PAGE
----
Photograph by Colleen Pinski, National Geographic
On August 21, 2017, the Sun is taking a break – its shining rays blocked by a silver moon. It’s in these rare hours that we re-realize the work the Sun does for our community. Here in Glendale, we work hard to harness the power and energy of solar, and when light is blocked – even partially – the City loses a portion of its electricity-generating abilities. So, in honor of our Sun’s day off, the California Public Utilities Commission (CPUC) is asking residents of the Golden State to cut back on power, and “do your thing for the Sun.”
The solar eclipse will start in Glendale at approximately 9:05 a.m., will climax at 10:21 a.m., and conclude at 11:44 a.m. Remember to stay safe though! NASA reminds us to “never look directly at the Sun. You can seriously hurt your eyes, and even go blind. Proper eye protection, like eclipse glasses or a Sun filter, is the only safe option. Sunglasses don't work.”
Instead, head over to Glendale Community College’s Planetarium for their viewing party! The event goes from 9 a.m. to noon, and has everything you’ll need to watch the eclipse safely. As an added bonus, astronomers will be on site for those who want to learn more about this historic moment. Click here for more information on the GCC event.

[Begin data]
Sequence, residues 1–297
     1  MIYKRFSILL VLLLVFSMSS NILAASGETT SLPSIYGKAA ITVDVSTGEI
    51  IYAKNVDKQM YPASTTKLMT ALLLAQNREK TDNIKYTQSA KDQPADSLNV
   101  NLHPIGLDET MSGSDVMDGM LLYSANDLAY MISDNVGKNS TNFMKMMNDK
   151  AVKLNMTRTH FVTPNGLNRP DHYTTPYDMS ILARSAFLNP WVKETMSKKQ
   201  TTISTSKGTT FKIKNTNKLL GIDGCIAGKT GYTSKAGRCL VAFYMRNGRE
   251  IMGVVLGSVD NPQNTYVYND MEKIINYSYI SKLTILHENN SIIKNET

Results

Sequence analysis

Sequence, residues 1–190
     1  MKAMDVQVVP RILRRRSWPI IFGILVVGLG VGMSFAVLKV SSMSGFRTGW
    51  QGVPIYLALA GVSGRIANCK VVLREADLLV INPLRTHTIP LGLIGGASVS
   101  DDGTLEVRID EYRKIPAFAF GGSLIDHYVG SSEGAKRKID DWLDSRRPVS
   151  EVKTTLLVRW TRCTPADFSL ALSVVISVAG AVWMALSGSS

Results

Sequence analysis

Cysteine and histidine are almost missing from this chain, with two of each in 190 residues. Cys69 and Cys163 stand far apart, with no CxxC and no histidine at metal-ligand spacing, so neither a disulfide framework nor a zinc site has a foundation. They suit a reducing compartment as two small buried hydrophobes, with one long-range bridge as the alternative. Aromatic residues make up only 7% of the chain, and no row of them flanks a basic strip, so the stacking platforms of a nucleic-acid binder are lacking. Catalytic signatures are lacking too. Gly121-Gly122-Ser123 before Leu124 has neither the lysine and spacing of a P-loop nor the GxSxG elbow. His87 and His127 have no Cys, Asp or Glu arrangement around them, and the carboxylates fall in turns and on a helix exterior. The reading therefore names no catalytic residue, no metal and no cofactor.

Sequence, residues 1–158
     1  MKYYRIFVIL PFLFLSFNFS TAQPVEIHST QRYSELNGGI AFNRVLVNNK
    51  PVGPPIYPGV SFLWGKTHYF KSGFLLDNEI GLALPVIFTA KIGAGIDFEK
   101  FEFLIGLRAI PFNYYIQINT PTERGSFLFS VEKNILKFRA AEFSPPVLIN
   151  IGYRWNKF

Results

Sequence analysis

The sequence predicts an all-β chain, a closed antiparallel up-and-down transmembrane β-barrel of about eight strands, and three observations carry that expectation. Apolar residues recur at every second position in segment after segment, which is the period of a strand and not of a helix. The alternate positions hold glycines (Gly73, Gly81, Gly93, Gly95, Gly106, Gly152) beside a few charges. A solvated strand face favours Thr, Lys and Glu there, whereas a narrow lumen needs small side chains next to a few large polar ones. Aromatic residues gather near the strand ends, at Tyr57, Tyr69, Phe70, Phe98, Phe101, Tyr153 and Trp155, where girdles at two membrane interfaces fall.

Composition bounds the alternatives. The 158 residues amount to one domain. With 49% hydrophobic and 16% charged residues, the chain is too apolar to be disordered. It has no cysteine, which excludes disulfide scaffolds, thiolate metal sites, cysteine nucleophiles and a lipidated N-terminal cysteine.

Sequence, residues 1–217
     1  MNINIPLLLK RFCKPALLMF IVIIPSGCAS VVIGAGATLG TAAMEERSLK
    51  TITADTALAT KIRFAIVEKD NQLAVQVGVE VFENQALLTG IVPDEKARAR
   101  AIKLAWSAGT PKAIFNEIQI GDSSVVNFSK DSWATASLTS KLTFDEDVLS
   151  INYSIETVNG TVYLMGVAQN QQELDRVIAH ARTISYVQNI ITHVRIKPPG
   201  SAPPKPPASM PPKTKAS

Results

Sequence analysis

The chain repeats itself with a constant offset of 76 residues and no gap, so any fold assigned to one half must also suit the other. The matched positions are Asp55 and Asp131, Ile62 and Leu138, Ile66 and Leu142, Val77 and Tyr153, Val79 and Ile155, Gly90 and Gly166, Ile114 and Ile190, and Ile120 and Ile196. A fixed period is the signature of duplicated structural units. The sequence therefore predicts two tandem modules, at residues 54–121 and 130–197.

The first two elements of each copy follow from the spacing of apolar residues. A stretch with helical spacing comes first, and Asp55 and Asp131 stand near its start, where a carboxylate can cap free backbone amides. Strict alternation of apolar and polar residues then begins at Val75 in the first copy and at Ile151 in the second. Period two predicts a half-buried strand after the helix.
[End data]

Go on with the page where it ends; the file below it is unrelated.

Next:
Glendale’s Downtown Central Library brings another great option with a live-stream of the eclipse in their newly renovated auditorium! The show starts at 9:00 a.m. and ends at noon.
Tips to reduce energy while the Sun puts its feet up: **They’ll save you $$$ on your electricity bill too!**
Use a ceiling fan instead of the AC whenever possible.
If you do use an air conditioner, set the thermostat to 78 degrees or higher
Put off the use of major appliances until after 9:00 p.m.
Close all curtains and blinds to keep out direct sunlight.
Make sure all HVAC vents are clean and filters have been replaced.
Turn off lights in rooms that are not in use.
Use LED light bulbs wherever possible since they don’t give off heat.
Check weather stripping on doors and windows so cool air doesn’t escape.
Air or towel dry dishes.
Keep refrigerators full; a full fridge uses less energy.
Unplug “energy vampires” - cell phone chargers, microwave ovens, and other appliances that use energy even when turned off or in sleep mode. Especially those appliances with digital clocks.
Apply for a free shade tree from the City of Glendale. Properly planted shade trees can help residents save 10%-50% in air conditioning costs. Learn more here.
For more energy conservation tips, visit www.GlendaleWaterAndPower.com